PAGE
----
BlackBerry once dominated the smart phone market
BlackBerry was founded in 1984 in Canada, and within 20 years its products were cultural icons. The company gained prominence by targeting professional consumers with a focus on e-mail and security. By 2006, BlackBerry’s stock price had surged, and it reached 5 million subscribers. The term “crackberry” even developed to described addicted users. In 2008, BlackBerry stock hit an historical high, and had 19.5% market share in the global smart phone market. The United States even elected a self-described “crackberry” addict to the White House.
However, BlackBerry soon fell from grace and is easily characterized as a “digital loser”. What went wrong?
BlackBerry dismissed the iPhone and changing consumer preference
Apple launched the first iPhone in 2008. The iPhone represented a different—and more innovative—approach than previous smart phones like the BlackBerry. It focused on design, performance, and ease of use to appeal broadly to all consumers. Steve Jobs in a short keynote address could easily demonstrate how to use the iPhone; BlackBerries took weeks to master. Moreover, the iPhone design was artistic, sleek and modern, and became a selling point unto itself; the BlackBerry looked clunky, corporate, and dated.
Despite the threat from Apple, BlackBerry refused to change course. Management remained steadfast in its focus on security and efficiency, and sought to continue to target its core base of corporate and government clients. It stuck to what had worked in the past, but failed to see the future. BlackBerry’s misreading and stubbornness is best exemplified by the former co-CEO exclaiming in 2008 that “the most exciting mobile trend is full Qwerty keyboards. I’m sorry, it really is. I’m not making this up.”
BlackBerry’s features fell behind the iPhone, Android, and others
Unlike previous smart phones, the iPhone had a fully Internet-capable browser. This initially strained wireless networks, but consumers loved it. A fully Internet-capable browser is now a standard smart phone feature. Not only did BlackBerry fail to add this feature within two years of the iPhone debut, but BlackBerries still lack comparable Internet browsers. Loading a standard webpage on a new BlackBerry takes minutes—in 2015.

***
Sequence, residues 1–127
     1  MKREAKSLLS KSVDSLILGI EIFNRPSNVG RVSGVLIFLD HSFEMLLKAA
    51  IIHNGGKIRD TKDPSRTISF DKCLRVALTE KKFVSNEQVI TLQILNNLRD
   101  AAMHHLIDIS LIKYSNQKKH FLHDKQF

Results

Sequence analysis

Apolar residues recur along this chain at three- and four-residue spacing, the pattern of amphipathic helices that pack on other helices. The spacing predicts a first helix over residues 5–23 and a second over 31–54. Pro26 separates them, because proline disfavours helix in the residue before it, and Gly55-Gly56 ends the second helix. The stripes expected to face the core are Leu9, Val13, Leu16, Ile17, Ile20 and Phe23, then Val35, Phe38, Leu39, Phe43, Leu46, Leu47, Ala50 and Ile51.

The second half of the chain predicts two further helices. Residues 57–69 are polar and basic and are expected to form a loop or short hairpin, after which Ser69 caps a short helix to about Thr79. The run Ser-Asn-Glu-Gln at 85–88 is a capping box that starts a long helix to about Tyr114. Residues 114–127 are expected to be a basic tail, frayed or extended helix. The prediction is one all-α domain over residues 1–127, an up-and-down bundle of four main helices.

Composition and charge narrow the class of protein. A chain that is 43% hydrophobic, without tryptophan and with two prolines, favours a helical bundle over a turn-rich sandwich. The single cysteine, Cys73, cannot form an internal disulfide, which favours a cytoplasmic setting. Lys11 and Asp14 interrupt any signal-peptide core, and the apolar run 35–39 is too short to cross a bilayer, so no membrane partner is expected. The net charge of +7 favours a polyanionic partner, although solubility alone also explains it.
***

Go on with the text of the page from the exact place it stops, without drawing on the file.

Additionally, competitors like the iPhone and Android made using a smart phone fun. On these devices the consumer could go to an app store and buy games, music, movies, magazines, and more. This consumerization of business technology meant that the smart phone was no longer exclusively for business. BlackBerry ignored this trend, and lost considerable market share as a result.
BlackBerry’s eventual response was too little, too late
The iPhone and Android surpassed BlackBerry in global market share in 2010. From that point on, global market has steadily decreased, as has the stock price.
BlackBerry’s eventual response to the evolving smart phone market was the BlackBerry 10, which it released in January 2013. Even though influential tech critics praised the device, the sales were disappointing. In the almost six year in between the iPhone launch and the BlackBerry 10 launch, consumers developed loyalty towards Apple, Samsung, and others, and came to see BlackBerry as a thing of the past. BlackBerry stood idle and squandered its once-strong market share. The BlackBerry 10 need to be a game-changer, but it was not sufficiently innovative or different from other smart phones to cause consumers to once again change their loyalty. Even BlackBerry’s small (but cult-like) customer base rejected the new device because it lacked the traditional Qwerty keyboard.
BlackBerry recently released the Passport and Classic in hopes of bringing back once loyal consumers. However, sales have been staggeringly low. BlackBerry will have to innovate and revive itself quickly in order to shed itself of the “digital loser” label.